On appeal from the Superior Court of New Jersey, Law Division, Passaic County, L-1365-05.
NOT FOR PUBLICATION WITHOUT THE APPROVAL OF THE APPELLATE DIVISION
Before Judges Coburn and Waugh.
In this accident case, plaintiffs appeal from a summary judgment granted to defendant, Mark Cohen. The sole legal argument presented for our consideration is that "[t]he Facts of the Case Did Not Warrant The Granting of Defendant's Motion for Summary Judgment."
After carefully considering the record and briefs, we are satisfied that plaintiffs' argument is without sufficient merit to warrant discussion in a written opinion, R. 2:11-3(e)(1)(E), and we affirm substantially for the reasons expressed by Judge Riva in his oral opinion of August 16, 2007. Nevertheless, we add the following brief comments.
Plaintiff's decedent (hereinafter "plaintiff") was operating his motorcycle in a parking lot at over 35 miles per hour. Surveillance cameras showed him cutting diagonally across two double rows of parking spaces and two travel lanes before he lost control of the motorcycle. Cohen was beginning to back out of one of the parking spaces in this lot. When the plaintiff's motorcycle was about 120 to 130 feet away from Cohen's parking space, plaintiff began to apply his brakes and started to skid. The skid marks were over 40 feet long. The motorcycle fell to the ground, causing plaintiff's death, when he was still a distance from Cohen's parking space. There was no contact between the two vehicles, and there is no evidence that Cohen's action had anything to do with plaintiff losing control of his motorcycle. Moreover, when plaintiff's motorcycle came to a rest, Cohen's car was still entirely in its parking space, although its rear may have been visible to plaintiff.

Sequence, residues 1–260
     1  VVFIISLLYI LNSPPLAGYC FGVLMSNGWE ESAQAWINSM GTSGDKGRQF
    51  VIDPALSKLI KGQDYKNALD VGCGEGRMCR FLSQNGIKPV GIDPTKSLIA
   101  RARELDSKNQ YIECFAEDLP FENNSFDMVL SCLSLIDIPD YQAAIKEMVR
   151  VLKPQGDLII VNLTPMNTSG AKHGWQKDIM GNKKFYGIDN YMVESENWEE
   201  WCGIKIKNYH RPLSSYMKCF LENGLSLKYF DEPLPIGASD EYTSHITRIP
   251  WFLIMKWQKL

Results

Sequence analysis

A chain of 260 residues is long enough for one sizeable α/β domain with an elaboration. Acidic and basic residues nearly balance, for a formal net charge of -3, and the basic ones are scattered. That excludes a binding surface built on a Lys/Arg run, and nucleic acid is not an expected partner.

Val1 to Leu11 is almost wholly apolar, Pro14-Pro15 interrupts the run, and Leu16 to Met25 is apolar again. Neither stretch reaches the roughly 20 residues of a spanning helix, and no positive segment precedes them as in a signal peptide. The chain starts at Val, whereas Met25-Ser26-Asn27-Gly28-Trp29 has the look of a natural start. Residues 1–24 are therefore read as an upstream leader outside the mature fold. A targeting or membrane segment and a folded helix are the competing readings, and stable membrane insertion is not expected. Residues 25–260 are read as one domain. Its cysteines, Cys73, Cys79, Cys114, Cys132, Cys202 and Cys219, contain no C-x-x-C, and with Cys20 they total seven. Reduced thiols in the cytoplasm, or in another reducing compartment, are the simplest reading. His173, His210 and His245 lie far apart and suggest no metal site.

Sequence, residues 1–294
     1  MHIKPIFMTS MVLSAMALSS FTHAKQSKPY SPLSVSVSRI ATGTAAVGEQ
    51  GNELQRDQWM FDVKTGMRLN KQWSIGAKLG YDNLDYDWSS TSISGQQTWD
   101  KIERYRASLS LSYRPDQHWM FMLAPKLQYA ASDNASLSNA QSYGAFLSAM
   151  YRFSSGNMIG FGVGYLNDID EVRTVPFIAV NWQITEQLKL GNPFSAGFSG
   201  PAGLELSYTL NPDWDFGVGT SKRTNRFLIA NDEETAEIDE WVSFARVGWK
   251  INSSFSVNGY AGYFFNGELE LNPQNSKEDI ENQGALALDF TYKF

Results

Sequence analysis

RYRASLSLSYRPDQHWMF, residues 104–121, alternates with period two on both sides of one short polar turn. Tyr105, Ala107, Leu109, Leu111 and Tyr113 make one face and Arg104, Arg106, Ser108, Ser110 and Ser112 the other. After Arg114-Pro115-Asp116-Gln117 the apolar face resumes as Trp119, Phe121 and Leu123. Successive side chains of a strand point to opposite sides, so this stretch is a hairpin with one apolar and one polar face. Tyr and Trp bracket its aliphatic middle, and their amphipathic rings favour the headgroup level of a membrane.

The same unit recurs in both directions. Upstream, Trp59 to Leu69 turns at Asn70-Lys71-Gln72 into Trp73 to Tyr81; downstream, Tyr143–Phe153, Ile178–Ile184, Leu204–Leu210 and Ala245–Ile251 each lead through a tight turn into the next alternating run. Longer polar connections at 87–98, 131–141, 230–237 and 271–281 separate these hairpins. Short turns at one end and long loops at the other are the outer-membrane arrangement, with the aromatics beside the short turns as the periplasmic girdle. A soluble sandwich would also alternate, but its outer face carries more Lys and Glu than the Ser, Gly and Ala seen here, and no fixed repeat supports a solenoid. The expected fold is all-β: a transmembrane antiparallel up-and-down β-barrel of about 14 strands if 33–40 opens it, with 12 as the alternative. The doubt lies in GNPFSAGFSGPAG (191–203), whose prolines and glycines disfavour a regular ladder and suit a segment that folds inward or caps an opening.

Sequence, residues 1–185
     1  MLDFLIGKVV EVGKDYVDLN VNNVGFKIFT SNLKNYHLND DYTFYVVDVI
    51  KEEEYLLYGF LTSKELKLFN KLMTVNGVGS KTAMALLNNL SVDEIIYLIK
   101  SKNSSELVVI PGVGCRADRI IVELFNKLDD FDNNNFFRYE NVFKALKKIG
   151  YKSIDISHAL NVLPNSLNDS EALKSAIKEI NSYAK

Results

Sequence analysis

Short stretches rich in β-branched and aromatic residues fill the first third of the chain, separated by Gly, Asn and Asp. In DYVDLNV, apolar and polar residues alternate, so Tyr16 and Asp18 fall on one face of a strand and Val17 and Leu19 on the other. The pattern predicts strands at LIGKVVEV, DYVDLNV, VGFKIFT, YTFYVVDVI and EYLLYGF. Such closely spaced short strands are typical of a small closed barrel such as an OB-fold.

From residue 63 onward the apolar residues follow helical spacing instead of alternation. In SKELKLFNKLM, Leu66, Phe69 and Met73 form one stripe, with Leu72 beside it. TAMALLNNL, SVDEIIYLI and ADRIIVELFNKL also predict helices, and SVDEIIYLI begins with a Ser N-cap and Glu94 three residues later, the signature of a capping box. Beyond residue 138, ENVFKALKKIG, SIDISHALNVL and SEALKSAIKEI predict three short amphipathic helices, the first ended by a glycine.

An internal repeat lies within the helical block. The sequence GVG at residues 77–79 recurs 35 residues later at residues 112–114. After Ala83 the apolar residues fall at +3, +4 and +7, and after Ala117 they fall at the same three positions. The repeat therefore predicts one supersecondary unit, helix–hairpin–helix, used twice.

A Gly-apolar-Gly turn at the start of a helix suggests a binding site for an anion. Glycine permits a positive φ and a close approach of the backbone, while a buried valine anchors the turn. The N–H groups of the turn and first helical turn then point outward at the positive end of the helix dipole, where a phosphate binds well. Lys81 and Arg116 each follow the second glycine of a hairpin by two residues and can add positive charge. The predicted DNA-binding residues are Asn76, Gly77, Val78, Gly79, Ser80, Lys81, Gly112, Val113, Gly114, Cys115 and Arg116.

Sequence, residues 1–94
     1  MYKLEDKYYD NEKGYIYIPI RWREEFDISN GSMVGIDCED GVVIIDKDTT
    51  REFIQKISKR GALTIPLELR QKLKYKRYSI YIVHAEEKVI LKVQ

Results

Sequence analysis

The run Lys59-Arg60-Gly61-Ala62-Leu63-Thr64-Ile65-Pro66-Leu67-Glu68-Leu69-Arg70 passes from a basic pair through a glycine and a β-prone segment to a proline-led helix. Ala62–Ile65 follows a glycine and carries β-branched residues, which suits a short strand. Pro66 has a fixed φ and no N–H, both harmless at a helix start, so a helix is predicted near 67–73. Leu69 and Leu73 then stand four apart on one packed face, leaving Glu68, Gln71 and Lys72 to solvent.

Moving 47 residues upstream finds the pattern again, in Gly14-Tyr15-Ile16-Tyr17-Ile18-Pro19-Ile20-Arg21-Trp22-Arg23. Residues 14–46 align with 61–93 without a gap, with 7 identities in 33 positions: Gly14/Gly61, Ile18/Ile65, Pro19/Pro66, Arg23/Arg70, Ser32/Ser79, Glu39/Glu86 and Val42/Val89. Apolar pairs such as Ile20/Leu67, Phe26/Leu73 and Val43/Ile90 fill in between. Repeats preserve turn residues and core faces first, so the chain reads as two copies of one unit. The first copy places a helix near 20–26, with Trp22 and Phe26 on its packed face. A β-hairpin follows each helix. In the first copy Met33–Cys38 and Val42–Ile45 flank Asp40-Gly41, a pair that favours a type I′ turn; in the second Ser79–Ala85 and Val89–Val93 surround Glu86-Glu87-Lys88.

Plaintiff contends that Cohen violated N.J.S.A. 39:4-126, which provides that a driver should not drive a vehicle backwards unless the movement can be done with safety. But there is no evidence to support a violation of that statute. Furthermore, there is no evidence that Cohen was negligent or that his conduct was a proximate cause of the accident. Although proximate cause is ordinarily a jury issue, it may be ruled on as a matter of law when reasonable minds could not differ. Fleuhr v. City of Cape May, 159 N.J. 532, 543 (1999) (citation omitted). Since there was no evidence of negligence or proximate cause, we are obliged to affirm.
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